The extraordinary heat wave in India and Pakistan, explained
South Asia’s heat wave is unusual because it’s happening much earlier in the season than normal, before summer weather typically sets in, so it caught people off guard. It also spread out over a much larger area, covering most of the landmass across Pakistan and India instead of concentrating in a few pockets.
The populations of India and Pakistan are especially vulnerable to extreme heat. About 60 percent of India’s workforce and about 40 percent of workers in Pakistan are in agriculture, where the bulk of labor is outdoors. Both countries are currently in their wheat harvest seasons, so millions of people are facing the difficult choice of working during dangerous weather or forgoing their livelihoods.
Better urban planning, planting trees, green spaces, improved water infrastructure, pollution controls, and more robust weather forecasting could all help ensure that fewer people suffer as temperatures rise. Switching to cleaner energy sources would also help mitigate the problem over the long term. But leaders in South Asia are more focused on recovering from the Covid-19 pandemic, and some are facing political turmoil. Pakistan ousted its prime minister last month, and Sri Lanka’s prime minister resigned this week.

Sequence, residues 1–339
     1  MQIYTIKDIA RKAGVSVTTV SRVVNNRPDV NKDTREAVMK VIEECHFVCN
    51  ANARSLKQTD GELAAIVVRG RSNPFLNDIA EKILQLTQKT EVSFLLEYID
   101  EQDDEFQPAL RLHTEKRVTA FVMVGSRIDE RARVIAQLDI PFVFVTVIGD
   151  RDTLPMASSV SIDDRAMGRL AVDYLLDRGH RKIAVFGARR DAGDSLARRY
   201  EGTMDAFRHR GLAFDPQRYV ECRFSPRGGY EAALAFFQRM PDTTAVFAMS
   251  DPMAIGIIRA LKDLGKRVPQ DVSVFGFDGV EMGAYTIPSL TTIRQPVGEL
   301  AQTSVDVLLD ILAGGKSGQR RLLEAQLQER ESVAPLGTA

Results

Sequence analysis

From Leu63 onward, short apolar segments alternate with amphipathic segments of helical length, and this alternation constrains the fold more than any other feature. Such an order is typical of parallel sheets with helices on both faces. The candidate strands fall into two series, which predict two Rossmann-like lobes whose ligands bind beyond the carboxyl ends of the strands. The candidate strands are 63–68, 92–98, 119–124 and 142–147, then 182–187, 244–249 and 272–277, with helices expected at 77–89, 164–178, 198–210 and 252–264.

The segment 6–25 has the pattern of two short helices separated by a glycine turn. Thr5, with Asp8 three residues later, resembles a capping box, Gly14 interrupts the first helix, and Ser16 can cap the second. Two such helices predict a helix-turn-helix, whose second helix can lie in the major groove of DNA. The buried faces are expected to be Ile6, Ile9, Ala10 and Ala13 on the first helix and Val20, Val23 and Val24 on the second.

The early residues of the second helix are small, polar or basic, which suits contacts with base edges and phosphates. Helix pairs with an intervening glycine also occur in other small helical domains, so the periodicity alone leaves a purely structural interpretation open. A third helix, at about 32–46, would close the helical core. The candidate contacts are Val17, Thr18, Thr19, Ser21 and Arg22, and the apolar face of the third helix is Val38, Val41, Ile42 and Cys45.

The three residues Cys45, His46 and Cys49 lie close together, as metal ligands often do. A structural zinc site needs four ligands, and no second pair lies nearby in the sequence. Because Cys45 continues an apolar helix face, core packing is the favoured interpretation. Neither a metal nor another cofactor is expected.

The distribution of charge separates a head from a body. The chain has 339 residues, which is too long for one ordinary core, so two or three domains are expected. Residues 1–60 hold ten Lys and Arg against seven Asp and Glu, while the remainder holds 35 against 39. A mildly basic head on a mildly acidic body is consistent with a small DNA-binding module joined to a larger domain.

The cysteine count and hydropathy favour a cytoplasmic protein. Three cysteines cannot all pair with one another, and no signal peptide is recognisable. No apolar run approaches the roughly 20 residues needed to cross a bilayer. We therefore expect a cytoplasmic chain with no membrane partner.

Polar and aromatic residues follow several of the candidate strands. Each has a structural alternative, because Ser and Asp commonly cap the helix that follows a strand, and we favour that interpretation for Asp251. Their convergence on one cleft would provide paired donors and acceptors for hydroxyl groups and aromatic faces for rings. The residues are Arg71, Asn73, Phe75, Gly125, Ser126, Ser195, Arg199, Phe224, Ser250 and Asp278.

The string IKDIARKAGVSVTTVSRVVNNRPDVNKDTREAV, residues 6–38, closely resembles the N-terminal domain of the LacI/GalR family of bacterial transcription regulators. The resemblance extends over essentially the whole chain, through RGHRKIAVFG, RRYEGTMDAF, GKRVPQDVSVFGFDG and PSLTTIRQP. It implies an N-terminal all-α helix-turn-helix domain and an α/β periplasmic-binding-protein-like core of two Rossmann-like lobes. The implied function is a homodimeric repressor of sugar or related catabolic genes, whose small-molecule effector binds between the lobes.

So at a national level, it’s difficult to get attention on the impacts of climate change and muster the resources needed to prevent it from getting worse. “I don’t think people are going to wake up, because political leaders are framing the issue to score political points,” Prakash said. Much of the action, then, has to happen at local levels, among mayors, governors, and local elected officials who can break down a global problem into its local stakes. “Political entrepreneurship is needed,” Prakash added.